I’m running my own Matrix homeserver for a number of reasons – one of them is simply economical as ‘disk space’ on a mobile phone is way more expensive than on a server. You can easily slap a few TB into a server without any problems whereas phones still do have a long way to go.
Long story short, I set up my homeserver and started to expand it – even by adding my own push service as I didn’t want to mess with building my own client app to register with the Google Push Service and everything looked fine – except for the push service never actually waking the matrix client but working fine with me pushing alerts to my phone. At first I didn’t notice and enjoyed the silence of not being bugged by messages, but it also got me the feeling that ‘something is off’ and so I started looking at the logfiles where I was greeted with a message that was confusing as hell to me:
Mar 18 23:30:14 matrix matrix-synapse: 2023-03-18 22:30:14,267 - synapse.push.httppusher - 432 - WARNING - httppush.process-17 - Failed to push event $bLGuzRj3t4p6Z6h16aTmfw9YA5gEhZZ0fZOebFToL04 to @user:domain/im.vector.app.android/https://ntfy.domain/upv5aFQWe5uAHe?up=1:
Glancing over the message, I thought my DNS was done for – or something in the docker network went haywire. My first step of debugging this mystery was attaching a shell to the synapse container, who was responsible for this message. To add salt to injury – or should I say ‘for security reasons’, the container was kept pretty slim and didn’t include ping or any nslookup alike. Luckily there was a curl binary in it, so I could test push messages and… success?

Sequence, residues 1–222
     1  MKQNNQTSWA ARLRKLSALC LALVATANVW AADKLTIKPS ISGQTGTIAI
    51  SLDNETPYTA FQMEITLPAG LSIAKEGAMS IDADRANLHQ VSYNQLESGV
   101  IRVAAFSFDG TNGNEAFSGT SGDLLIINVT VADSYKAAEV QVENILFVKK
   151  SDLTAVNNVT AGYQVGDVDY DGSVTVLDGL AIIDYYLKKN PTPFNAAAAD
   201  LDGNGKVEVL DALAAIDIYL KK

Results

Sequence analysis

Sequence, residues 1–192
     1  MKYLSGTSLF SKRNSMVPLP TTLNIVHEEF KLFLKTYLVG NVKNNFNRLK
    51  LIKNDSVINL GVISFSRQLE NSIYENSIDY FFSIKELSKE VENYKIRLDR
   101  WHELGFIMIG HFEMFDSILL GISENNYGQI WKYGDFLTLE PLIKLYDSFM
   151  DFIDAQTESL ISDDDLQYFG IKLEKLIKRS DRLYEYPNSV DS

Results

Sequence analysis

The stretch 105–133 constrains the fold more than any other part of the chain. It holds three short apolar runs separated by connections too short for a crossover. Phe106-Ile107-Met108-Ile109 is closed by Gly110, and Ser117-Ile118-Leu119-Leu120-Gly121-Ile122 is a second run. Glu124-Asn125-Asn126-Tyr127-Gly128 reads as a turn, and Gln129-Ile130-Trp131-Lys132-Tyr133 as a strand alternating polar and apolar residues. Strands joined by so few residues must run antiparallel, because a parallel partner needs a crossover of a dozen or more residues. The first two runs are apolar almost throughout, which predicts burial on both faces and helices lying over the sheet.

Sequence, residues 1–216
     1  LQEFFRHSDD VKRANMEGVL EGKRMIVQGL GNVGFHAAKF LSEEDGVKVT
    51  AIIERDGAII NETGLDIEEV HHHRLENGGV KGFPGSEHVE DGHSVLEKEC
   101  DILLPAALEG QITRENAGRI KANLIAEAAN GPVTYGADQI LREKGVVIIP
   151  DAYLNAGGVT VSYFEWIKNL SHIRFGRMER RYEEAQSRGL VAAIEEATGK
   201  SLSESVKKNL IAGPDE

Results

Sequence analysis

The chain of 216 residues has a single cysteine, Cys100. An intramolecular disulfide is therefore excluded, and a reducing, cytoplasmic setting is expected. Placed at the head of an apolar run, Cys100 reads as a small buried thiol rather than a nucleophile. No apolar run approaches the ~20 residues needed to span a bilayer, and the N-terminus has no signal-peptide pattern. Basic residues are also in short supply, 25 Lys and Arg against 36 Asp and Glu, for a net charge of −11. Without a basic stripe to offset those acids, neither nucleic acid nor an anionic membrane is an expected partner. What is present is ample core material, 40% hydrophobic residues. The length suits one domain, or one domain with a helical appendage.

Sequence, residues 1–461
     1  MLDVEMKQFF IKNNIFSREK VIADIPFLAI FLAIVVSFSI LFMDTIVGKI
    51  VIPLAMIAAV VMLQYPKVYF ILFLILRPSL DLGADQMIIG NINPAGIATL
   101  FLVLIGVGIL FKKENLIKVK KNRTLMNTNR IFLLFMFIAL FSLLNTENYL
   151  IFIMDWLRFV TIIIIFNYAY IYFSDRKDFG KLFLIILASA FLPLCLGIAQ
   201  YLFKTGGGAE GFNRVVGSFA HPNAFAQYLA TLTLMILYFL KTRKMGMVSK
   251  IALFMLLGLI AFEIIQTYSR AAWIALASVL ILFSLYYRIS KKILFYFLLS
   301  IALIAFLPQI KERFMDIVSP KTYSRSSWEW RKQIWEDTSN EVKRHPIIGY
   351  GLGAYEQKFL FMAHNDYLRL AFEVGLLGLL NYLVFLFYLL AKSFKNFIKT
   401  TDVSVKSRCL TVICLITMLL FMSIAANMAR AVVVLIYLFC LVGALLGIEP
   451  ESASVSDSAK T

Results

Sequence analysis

Alrighty: It was not the systems DNS messing up. But it looks like, synapse did something pretty wrong – or did it?
The synapse server is written in python, using the twisted framework. So I quickly grabbed a DNS testing script written in that framework to verify that and nuke my theory of twisted being the issue. Oh boy! This is getting fun as it turns out the error message isn’t really about DNS at all. I felt defeated, grabbed some tea and started digging into the synapse federation service and config where I finally – after hours of reading code – found this:
# Prevent outgoing requests from being sent to the following blacklisted IP address
# CIDR ranges. If this option is not specified then it defaults to private IP
# address ranges (see the example below).
# The blacklist applies to the outbound requests for federation, identity servers,
# push servers, and for checking key validity for third-party invite events.
# (0.0.0.0 and :: are always blacklisted, whether or not they are explicitly
# listed here, since they correspond to unroutable addresses.)
# This option replaces federation_ip_range_blacklist in Synapse v1.25.0.
# Note: The value is ignored when an HTTP proxy is in use
# - '127.0.0.0/8'
# - '10.0.0.0/8'
# - '172.16.0.0/12'
# - '192.168.0.0/16'
# - '100.64.0.0/10'
# - '192.0.0.0/24'
# - '169.254.0.0/16'
# - '18.104.22.168/24'
# - '198.18.0.0/15'
# - '192.0.2.0/24'
# - '198.51.100.0/24'
# - '203.0.113.0/24'
# - '22.214.171.124/4'
# - '::1/128'
# - 'fe80::/10'
# - 'fc00::/7'
# - '2001:db8::/32'
# - 'ff00::/8'
# - 'fec0::/10'
# List of IP address CIDR ranges that should be allowed for federation,
# identity servers, push servers, and for checking key validity for
# third-party invite events. This is useful for specifying exceptions to
# wide-ranging blacklisted target IP ranges - e.g. for communication with
# a push server only visible in your network.
# This whitelist overrides ip_range_blacklist and defaults to an empty
# - '192.168.1.1'
As my ntfy service was exposed in my DMZ network as it was used by my other services as well, it was being blocked by those default configurations. Simply whitelisting it did the trick and made me feel like a boss as I solved that mystery. Did I regret enabling push messages in the end? Sometimes.